The aim of this study was to examine in more detail the EGF-mediated signalling events responsible for the motile component involved in CTB migration and invasion.

Materials and Methods

Cells and reagents

The human extravillous CTB cell line SGHPL-4 was derived from first trimester chorionic villous tissues. These cells are well characterized and share many characteristics with isolated primary cells, including the expression of cytokeratin-7, HLA class I antigen, HLA-G, BC-1 and CD9 (Cartwright et al., 1999; Cartwright and Balarajah, 2005). Cells were cultured in Ham's F10 Nutrient Mix (Invitrogen Life Technologies, Carlsbad, CA, USA) supplemented with 10% foetal bovine serum (FBS), penicillin G (100 U/ml), streptomycin (100 mg/ml) and 2 mM L-glutamine at 37°C in 5% CO2. Recombinant human EGF was purchased from R&D Systems, Inc. (Minneapolis, MN, USA). PD 98059, LY 294002, SB 203580, Akt inhibitor IV and 1-azakenpaullone were obtained from EMD Biosciences (Madison, WI, USA). The TCF β-catenin reporter plasmid, TOPFLASH (Kim et al., 2000) was obtained from Europa Bioproducts Ltd, Ely, UK.

Boyden chamber chemotaxis assay

A modified Boyden chamber assay was performed as previously described to examine cell migration (Lamarca et al., 2006). Briefly, 10 ng/ml of EGF diluted in serum-free medium was added to the lower compartment of the Boyden chamber (Neuro Probe, Inc., Gaithersburg, MD, USA), and SGHPL-4 cells were serum-starved in medium containing 0.5% FBS for 48 h. The cells were then pre-treated with dimethylsulphoxide (DMSO) (vehicle), 10 µM LY 294002 (specific inhibitor to PI3-K) or 50 µM PD 98059 (specific inhibitor to p42/44 MAPK) for 30 min, trypsinized and subsequently added to the upper compartment of the Boyden chamber at a density of 5.6 × 104cells/well. After a 6 h migration period at 37°C, the cells on the upper side of the membrane were wiped off and the migrated cells were visualized by staining the cells that extended across the porous membrane (Diff-Quik Stain Set, Dade Behring, Inc., Newark, DE, USA). The stained membranes were visualized using a Nikon TE300 inverted epifluorescent microscope (DP Controller v1.2.1.108, Olympus Optical Company, LTD; Nikon USA, Lewisville, TX) and migration was quantified by counting the nuclei that passed through the filter. Stained nuclei from six fields of view (100×) for each experimental condition were counted and the data were expressed as the average number of migrated cells.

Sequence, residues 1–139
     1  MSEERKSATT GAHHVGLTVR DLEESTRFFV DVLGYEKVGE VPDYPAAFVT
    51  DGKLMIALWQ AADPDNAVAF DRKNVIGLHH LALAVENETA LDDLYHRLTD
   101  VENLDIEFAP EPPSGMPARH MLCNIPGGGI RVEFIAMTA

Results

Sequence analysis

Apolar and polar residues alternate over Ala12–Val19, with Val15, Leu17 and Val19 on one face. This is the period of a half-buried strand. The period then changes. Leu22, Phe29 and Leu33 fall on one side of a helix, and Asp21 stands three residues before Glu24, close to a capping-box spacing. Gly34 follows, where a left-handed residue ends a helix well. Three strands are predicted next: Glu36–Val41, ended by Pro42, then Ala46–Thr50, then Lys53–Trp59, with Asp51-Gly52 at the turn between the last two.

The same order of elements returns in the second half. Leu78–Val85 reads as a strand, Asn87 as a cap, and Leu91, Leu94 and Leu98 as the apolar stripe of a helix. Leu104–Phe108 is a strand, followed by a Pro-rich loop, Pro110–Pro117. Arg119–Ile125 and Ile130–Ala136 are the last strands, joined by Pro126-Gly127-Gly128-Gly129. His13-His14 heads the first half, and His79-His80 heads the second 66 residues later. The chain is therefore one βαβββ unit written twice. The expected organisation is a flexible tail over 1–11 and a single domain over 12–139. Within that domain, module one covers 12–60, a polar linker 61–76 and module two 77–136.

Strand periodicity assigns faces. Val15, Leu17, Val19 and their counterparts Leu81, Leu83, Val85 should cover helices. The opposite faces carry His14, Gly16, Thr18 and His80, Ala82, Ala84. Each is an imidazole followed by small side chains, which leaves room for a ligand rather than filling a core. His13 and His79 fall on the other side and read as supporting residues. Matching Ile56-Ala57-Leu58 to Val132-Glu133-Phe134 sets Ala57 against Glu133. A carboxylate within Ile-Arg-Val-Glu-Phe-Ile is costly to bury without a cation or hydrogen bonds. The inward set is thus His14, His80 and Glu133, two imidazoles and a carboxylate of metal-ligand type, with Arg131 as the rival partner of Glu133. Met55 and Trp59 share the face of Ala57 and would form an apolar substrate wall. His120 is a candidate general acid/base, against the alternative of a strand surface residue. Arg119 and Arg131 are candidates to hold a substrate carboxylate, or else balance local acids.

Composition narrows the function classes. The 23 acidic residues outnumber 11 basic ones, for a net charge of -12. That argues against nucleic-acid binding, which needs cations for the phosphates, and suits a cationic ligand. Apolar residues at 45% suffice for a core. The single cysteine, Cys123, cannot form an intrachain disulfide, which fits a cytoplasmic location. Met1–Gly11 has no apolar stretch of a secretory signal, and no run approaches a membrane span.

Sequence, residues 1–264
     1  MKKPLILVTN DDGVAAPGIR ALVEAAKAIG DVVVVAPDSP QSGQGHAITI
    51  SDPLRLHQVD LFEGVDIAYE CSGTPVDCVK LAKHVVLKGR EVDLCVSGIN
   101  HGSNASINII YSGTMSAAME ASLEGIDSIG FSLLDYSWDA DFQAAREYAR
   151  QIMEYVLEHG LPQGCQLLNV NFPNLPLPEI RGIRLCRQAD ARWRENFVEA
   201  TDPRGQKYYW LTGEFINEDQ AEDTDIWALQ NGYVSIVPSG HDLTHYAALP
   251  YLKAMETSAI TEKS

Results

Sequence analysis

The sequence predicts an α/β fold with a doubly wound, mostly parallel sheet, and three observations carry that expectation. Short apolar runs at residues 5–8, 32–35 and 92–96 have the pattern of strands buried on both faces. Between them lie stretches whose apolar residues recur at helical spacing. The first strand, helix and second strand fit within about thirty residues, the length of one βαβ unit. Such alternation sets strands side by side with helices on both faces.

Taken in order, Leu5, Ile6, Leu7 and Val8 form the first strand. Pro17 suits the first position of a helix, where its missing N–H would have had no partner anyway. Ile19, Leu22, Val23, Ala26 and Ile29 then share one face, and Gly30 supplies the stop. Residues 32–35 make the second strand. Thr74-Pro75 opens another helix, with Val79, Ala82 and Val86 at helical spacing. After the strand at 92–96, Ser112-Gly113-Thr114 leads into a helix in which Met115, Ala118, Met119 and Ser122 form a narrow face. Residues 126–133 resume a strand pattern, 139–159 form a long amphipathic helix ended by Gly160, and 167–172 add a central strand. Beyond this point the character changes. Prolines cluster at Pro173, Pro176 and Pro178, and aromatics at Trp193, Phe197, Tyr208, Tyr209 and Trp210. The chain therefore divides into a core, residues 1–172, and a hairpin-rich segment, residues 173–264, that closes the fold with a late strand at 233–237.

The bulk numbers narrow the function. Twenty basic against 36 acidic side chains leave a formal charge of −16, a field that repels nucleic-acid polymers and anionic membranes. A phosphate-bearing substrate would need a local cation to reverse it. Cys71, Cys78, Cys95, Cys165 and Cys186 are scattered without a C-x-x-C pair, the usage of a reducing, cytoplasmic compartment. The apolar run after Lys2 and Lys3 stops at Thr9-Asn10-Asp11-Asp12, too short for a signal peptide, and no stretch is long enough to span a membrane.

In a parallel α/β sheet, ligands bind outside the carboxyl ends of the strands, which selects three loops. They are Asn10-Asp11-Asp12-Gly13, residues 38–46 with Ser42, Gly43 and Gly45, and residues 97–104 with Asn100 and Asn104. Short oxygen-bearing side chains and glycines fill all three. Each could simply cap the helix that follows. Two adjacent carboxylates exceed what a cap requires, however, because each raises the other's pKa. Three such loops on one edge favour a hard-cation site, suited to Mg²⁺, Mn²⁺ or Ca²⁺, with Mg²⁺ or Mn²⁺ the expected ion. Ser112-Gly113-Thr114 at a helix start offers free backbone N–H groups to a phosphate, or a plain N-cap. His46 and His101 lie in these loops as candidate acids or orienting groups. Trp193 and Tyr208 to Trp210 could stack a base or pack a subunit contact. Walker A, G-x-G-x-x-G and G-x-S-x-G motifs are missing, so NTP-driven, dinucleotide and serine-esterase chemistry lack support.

Invasion assay

Cellular invasion of SGHPL-4 cells in response to various inhibitors was assessed using the quantitative FluoroBlok invasion assay (BD Discovery Labware, Bedford, MA, USA) according to the manufacturer's instructions. SGHPL-4 cells were serum-starved for 24 h, washed with 1× phosphate-buffered saline (PBS) and pre-treated with DMSO (vehicle), 10 µM LY 294002 or 50 µM PD 98059 for 30 min at 37°C. The cells were trypsinized, resuspended in serum-free medium and seeded onto Matrigel-coated 8 µm FluoroBlok porous membrane inserts at a density of 2.5 × 105 cells per insert. The inserts were lowered into individual wells of a 24-well plate that contained 10 ng/ml of EGF and the plates were incubated at 37°C for 20 h to allow for cell invasion. Then, the invading cells were fluorescently labelled with Calcein AM (Molecular Probes, Eugene, OR, USA) as described previously (Lamarca et al., 2006), and relative fluorescence units were obtained with a fluorescent microtiter plate reader (FLUOstar optima, BMG Labtech, Durham, NC) from four replicates per experimental condition.

Western blotting